War letters, enlistment lists from before 1865, with regiments
and parents listed.
| Family Histories
||Data of over 200 families of the area. Many of
these go back to Dighton, Bristol County, Massachusetts, where
the pioneers came to settle the Dighton Purchase from Phelps
and Gorham and back to the "Mayflower".
| School Records
||School books, Academians and records from many
||Original Congregational Church records from early
1800's. Records from Baptist, Universalist, Methodist, Federated
and United Church of Bristol.
| Political History
||Town minutes from 1789 to present. Lists of the
town officers; early highway records.
||County and local histories, directories, ledgers,
journals, diaries, family genealogies, Dr.'s records and many
more too numerous to list.
||Gazetteers, Rural New Yorkers, Ontario County
||Over 175 scrapbooks from the 1880's to present.
Contains newspaper articles, obituaries, marriages and birth
||1859, 1874, 1904 and 1916. Gives residents names
||Many original deeds, some wills, early "ear-marks" from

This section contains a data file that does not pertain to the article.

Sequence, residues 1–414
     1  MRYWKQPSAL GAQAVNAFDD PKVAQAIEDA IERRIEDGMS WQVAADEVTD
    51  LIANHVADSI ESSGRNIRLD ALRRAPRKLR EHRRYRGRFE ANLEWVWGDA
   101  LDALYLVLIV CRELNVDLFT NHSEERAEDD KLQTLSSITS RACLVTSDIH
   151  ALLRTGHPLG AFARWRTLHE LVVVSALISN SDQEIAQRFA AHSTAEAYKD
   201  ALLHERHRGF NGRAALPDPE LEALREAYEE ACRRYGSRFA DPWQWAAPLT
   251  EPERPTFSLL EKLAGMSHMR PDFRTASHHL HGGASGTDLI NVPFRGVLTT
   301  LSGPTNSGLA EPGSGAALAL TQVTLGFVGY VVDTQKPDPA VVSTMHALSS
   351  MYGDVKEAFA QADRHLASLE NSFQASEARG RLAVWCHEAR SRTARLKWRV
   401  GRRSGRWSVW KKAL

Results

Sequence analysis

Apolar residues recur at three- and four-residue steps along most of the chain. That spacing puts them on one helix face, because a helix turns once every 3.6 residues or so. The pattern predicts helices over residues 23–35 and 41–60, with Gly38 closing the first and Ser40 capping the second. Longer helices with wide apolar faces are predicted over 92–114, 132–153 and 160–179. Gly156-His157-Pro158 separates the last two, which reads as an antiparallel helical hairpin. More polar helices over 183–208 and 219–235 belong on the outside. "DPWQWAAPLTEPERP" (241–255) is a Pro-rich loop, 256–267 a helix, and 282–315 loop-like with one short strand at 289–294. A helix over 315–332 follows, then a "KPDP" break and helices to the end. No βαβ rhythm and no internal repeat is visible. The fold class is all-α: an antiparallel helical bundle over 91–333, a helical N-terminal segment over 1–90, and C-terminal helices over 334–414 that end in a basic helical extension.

1797 to 1840 and many other interesting files of data.
An Interesting Story Written by Festus Ganyard
The Ganyard family arrived in Bristol around 1799 when Festus was
four years old. By 1817 the family moved on with many other Bristol
pioneers to Granger, Medina County, Ohio. Ganyard Hill Road and a cemetery
off South Hill Road where a tombstone of Peter Ganyard is located are
all that remain of the name in Bristol. That four year old year old
boy left a story of his trip to and early life in Bristol. We can not
know unless we have hiked along the Appalachian Trail what a trip from
New England to Bristol at that time might be like. The motto "Do not
be scared before you are hurt" helped move these people on despite
crossing frozen lakes with ice cracking and breaking under the bays.
On the way to the Genesee country grown men were singing about their "Genny
House". They traveled in late winter in order to sleigh and cross frozen